• Humanities & Social Sciences
      November 2014

      The Burghers of Ceylon

      Race, Representation, Identity

      by Andrew Elsby

      The Burghers of Ceylon traces the origins and history of the mixed-race populations of imperial Ceylon. It explains how, and why, those populations emerged, how they developed, how they were distinguished – and how they distinguished themselves – from the Europeans and from the native populations. It explores the components of burgher identity. The author also provides answers to the following questions. How reliable is the evidence of the Dutch Burgher Union’s genealogies? How prevalent is racial misrepresentation, and what were the motives behind it? How were the mixed-race populations treated by the European colonial powers? What happened to those mixed-race populations when colonial rule ended in 1948? The author’s interest in the burghers of Ceylon came about after his mother’s death, when he discovered she was from a Dutch burgher family in Ceylon. Her mother was half English and half native, and her father, Raoul Frank, was a Dutch burgher descended from a long line of German, French, Dutch, Belgian and British European male ancestors, with native or mixed-race female ancestors from the Dutch and British periods in Ceylon.

    • History
      July 2016

      Research Methods for History

      by Lucy Faire, Simon Gunn

      Historians have become increasingly sensitive to social and cultural theory since the 1980s, yet the actual methods by which research is carried out in History have been largely taken for granted. Research Methods for History encourages those researching the past to think creatively about the wide range of methods currently in use, to understand how these methods are used and what historical insights they can provide. This updated new edition has been expanded to cover not only sources and methods that are well-established in History, such as archival research, but also those that have developed recently, such as the impact of digital history research. The themes of the different chapters have been selected to reflect new trends in the subject, including landscape studies, material culture and ethics. Every chapter presents new insights and perspectives and will open researchers’ minds to the expanding possibilities of historical research. ; Research Methods for History encourages those researching the past to think creatively about the wide range of methods currently in use, to understand how these methods are used and what historical insights they can provide. ; Contents Acknowledgements List of Figures and Tables Preface to the Second Edition 1., Introduction: Why Bother with Method?, Simon Gunn and Lucy Faire Part 1, The Essentials2., Working With/In the Archives, Michelle T. King 3., Approaching Visual Materials, Ludmilla Jordanova 4., Material Culture, Alan Mayne 5., Landscape and Place, Jo Guldi Part 2, Researching Individuals and Groups 6., Collective Biography, Krista Cowman;7., Life Stories and Historical Analysis, Alistair Thomson Part 3, Quantitative and Qualitative Analysis 8., GIS, Spatial Technologies and Digital Mapping, Keith D. Lilley and Catherine Porter 9., Document to Database and Spreadsheet , R. J. Morris 10., Digital Research, Bob Nicholson Part 4, Deciphering Meanings 11., Reading Language as a Historical Source, Julie-Marie Strange 12., Analysing Behaviour as Performance, Simon Gunn Part 5, Rethinking Categories 13., Ethics and Historical Research, William Gallois14., Time, Temporality and History, Prashant Kidambi Notes on Contributors Index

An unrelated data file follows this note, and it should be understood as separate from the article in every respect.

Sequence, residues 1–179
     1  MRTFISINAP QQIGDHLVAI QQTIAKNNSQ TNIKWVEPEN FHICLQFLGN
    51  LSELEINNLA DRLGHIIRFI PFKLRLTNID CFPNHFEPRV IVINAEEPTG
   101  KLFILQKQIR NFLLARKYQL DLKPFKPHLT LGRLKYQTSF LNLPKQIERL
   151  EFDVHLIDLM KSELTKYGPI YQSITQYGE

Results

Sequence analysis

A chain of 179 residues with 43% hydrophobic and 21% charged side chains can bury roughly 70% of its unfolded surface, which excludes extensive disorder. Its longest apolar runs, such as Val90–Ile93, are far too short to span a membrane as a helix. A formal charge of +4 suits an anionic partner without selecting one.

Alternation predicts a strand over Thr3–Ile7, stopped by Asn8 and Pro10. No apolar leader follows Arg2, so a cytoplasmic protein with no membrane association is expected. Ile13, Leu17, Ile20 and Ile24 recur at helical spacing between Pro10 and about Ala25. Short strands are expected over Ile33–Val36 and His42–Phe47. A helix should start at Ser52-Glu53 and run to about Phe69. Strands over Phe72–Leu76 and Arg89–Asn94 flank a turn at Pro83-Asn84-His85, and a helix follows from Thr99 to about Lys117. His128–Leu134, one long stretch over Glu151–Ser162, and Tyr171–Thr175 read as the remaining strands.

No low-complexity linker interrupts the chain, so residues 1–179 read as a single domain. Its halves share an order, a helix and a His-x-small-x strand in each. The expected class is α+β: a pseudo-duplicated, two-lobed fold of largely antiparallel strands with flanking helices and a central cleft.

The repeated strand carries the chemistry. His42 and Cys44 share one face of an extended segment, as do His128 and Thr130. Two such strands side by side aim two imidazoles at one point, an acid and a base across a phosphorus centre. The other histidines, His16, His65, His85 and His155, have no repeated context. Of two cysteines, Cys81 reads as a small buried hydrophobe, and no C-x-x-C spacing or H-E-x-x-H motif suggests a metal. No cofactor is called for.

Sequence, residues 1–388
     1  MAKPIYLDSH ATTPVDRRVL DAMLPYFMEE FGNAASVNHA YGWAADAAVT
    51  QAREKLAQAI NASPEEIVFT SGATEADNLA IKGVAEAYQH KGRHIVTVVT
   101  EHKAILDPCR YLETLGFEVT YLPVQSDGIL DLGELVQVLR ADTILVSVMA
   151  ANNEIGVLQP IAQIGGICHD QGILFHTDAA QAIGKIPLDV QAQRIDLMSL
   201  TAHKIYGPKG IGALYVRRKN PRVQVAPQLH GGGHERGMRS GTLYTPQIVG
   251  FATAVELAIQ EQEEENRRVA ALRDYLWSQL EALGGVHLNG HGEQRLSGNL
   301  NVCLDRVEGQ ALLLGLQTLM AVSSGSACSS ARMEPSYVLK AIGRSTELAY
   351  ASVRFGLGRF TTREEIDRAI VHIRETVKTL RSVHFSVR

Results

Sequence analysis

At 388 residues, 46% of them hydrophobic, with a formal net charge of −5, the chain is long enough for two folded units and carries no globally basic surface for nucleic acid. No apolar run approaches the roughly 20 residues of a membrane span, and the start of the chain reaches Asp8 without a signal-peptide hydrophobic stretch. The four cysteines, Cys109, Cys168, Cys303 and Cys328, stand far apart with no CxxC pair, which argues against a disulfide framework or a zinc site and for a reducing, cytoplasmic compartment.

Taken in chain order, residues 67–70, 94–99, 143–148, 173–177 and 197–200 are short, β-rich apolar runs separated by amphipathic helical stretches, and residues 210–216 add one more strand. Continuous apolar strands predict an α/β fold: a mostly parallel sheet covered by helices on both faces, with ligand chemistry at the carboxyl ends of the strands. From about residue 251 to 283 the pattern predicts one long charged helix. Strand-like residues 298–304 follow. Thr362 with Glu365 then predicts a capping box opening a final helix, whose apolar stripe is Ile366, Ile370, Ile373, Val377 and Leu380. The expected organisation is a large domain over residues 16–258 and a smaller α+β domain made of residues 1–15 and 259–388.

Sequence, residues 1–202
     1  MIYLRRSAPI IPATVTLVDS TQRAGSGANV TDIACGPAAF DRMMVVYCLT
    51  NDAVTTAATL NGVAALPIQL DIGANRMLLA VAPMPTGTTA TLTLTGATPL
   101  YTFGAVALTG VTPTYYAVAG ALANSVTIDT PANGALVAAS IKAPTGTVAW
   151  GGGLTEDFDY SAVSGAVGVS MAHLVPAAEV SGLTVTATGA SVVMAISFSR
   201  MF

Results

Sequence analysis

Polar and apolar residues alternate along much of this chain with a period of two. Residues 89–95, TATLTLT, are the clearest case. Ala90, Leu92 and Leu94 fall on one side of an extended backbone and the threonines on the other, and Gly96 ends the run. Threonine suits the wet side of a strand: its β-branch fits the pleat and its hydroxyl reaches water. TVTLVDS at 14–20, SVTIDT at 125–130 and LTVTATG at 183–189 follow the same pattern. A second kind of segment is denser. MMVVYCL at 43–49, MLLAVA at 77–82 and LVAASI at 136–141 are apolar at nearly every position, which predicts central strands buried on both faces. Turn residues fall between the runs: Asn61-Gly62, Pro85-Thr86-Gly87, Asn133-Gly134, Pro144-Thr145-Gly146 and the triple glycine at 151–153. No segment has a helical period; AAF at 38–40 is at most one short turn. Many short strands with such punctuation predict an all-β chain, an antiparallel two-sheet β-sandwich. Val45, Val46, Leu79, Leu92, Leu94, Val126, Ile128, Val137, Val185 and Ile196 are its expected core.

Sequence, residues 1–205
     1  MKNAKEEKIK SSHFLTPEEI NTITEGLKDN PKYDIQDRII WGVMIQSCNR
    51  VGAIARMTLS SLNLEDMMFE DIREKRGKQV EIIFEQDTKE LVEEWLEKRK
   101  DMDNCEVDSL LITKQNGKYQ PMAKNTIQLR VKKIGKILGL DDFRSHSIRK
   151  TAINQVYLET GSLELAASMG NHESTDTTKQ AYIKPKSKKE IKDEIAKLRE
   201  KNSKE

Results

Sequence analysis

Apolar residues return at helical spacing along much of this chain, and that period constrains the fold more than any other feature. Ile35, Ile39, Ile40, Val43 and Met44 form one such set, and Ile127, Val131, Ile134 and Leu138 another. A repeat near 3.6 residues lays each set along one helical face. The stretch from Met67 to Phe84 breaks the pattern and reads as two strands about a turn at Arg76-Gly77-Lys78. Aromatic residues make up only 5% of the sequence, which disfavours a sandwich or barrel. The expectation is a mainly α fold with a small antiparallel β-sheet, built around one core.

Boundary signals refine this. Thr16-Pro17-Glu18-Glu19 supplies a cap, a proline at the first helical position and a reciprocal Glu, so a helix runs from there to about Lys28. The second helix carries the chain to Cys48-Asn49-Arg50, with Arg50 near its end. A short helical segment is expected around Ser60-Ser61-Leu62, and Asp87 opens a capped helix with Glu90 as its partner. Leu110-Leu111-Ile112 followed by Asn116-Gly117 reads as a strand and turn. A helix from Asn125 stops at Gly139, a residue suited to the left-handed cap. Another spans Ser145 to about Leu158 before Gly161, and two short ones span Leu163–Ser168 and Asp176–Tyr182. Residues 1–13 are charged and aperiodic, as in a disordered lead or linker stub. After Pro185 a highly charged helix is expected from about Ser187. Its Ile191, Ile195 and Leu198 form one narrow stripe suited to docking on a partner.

• Humanities & Social Sciences
      February 2017

      Fierce Imaginings

      The Great War, Ritual, Memory and God

      by Rachel Mann

      From Rachel Mann, Canon Poet-in-Residence at Manchester cathedral, comes a lyrical and very personal story of remembrance, faith, family and identity shaped by the chaos and trauma wrought by the Great War and the flux in early twentieth century Europe. Rachel brilliantly explores the significance of the War to all of us today who live under its long shadow – our shared memories, culture and the symbols and relics that linger on all around us, as well as the influence of the Great War on her grandparents and how it echoed through her childhood in 1970s Britain discovering her authentic self in God, undergoing a change of sex and experiencing chronic illness and disability. ;

    • Humanities & Social Sciences

      A General Collection of Analects and Thoughts of Confucius and His Disci-ples

      by Yang Chaoming

      Standing from a high-level academic perspective and a cutting-edge academic front, the book absorbs some of the important previous researches and gives detailed and precise annotations and translations of analects and thoughts of Confucius and his disciples. It is believed that the collection has been handed down from the older generations of the Confucius’s family and it is the most reliable and original material on Confucianism. Being easy to read, the book is of high popularizing and academic value.